So being a little late to the party meant we could do it with a little more knowledge. It also meant we could do it with our ace in the hole. And our ace in the hole for the company is security. So when we think of Unisys as a legacy provider, the strength of that legacy is around security. So the company's solutions historically, are incredibly secure. Clearpath forward which is an operating system that we have, is the only operating system in the world that has never had a forcible removal of data, it has never been successfully attacked and there was a suite of solutions that were beginning to come to market a few years ago, called our Stealth Microsegmentation Suite, so we already had this focus on security.
But it's a difference between having some security products and then saying security is going to be embedded soup to nuts and everything you do and that's what we did. So rather than laying security to top of our solutions, as we built these industry areas of expertise, we built security in from the ground up. And that I think, is what we were able to add, as let's say, a little late to the game. So, we were able to say as we built it, let's build security in.
VB: Given all the hulabaloo happening around the Intel chips (where some security flaws have been exposed), do you now regret abandoning your own line of CMOS chips which you had and which you used to be proprietary?
Peter: No, it was before my time, but it was absolutely, the right decision. We took that technology, we moved that technology from a mainframe system with our own chips, it was no longer economic to design chips and fight against the big boys. We turned that into an 100% intel x86 architecture, which meant we could invest into that software and not have to invest into the hardware but we have gone beyond that, so we now taken that architecture and moved it into a complete software only solution.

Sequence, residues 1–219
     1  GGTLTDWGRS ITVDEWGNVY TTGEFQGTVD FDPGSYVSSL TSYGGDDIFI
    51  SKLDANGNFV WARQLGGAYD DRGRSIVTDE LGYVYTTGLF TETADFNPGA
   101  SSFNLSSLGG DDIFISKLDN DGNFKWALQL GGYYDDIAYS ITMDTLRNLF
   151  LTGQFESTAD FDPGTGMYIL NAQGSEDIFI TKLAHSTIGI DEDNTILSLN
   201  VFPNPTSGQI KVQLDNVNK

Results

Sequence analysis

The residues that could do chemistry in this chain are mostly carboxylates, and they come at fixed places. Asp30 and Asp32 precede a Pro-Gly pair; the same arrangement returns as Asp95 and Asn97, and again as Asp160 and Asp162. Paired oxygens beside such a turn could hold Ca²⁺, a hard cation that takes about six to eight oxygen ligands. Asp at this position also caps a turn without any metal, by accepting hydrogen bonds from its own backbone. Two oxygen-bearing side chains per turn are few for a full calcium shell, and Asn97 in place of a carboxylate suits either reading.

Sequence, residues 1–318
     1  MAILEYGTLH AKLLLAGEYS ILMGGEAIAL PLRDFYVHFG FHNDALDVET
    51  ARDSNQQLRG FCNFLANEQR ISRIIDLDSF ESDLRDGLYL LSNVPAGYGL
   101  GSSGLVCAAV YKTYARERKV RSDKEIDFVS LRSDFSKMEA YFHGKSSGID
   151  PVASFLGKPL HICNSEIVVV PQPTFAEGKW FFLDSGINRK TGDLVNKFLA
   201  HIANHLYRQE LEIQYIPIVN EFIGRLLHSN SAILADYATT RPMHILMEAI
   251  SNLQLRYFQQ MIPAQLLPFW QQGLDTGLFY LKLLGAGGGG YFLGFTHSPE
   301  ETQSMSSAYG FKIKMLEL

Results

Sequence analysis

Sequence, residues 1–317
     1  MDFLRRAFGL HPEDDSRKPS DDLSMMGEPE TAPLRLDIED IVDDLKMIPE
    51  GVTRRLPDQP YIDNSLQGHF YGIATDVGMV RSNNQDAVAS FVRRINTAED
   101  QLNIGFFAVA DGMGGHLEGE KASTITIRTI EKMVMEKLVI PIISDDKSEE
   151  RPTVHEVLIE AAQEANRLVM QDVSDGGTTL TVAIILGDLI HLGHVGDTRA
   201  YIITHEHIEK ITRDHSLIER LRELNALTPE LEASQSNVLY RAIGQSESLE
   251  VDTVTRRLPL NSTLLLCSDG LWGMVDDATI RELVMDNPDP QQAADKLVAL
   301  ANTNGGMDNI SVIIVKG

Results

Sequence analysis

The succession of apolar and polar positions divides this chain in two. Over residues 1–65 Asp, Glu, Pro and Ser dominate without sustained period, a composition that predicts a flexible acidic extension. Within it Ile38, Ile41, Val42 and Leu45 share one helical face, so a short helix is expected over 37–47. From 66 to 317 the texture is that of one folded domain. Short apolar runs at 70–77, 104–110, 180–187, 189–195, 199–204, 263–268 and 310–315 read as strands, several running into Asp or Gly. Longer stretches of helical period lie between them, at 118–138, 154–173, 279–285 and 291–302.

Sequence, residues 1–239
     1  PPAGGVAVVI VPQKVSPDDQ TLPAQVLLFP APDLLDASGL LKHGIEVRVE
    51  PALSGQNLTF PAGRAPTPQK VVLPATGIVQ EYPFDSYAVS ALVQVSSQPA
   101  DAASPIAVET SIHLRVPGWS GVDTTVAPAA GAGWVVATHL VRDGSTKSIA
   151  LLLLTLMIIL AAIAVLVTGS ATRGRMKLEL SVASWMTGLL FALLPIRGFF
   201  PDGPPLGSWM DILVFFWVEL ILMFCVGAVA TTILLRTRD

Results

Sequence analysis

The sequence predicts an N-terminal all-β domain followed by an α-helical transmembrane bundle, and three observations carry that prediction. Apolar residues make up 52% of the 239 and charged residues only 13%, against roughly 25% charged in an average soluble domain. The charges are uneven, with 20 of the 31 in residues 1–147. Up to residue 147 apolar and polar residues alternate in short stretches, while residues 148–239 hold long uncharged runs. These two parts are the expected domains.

So, we are now completely capable in a private cloud environment in a Public cloud and in a hybrid environment. So, we can take the R & D related to the operating system and it is now all software. The margins are better the cash flow is better and this is just a scale issue.
So, No I don't regret it at all. But I will say that the kind of issues the companies have had with the integrity of the underlying code that has allowed hacking and allowed cyber attacks is actually something that we embrace in the sense that it highlights our security solutions in contrast.
So, micro segmentation which is what the stealth products suite is about allows our company to basically treat a firewall as a nice to have, but not something that drives their security anymore. So, our systems will protect company data inside a firewall to the same extent as outside the firewall. Which means if you're worried about something hacking in your system, well, they can hack in, but it will still be protected inside the micro environment.
VB: Was that also a legacy strength because if you look at historically you have had a pretty strong relationship with the US government as well as some of the security agencies around the world?
Peter: So, you're exactly right. But that relationship is across the world so we are doing that work for governments around the world. Our stealth-platform has been approved for top secret classified data transfer in 28 of the largest companies or governments around the world, so what we do is we take that experience with top secret classified data and we say to Banks we say to Airlines we say to Pharmaceuticals we can protect you to the same extent that we can protect some of the top secret government data, which is a pretty important thing.
VB: So the focus is on just 4 of the 35 industry verticals where you had presence earlier?
Peter: Lifesciences-pharmaceuticals, Retail-banking, travel and transformation and then justice law enforcement and border protection. If you look just at these 4, they do 45 % of our revenues today. The company has historically been challenged from growth standpoint. That is now t changing. So, if we look at our revenues of the past 3 years. The revenue decline has been cut in half in each year. We have not yet given a forecast for next year. But you can assume that we will you know at a minimal continue that pattern of reaching to our growth. I have said that we expect to reach positive growth during the year, next year.
VB: And one of the handicaps of Unisys has been excessive dependence on the US market alone. Has that changed? Has the strategy changed?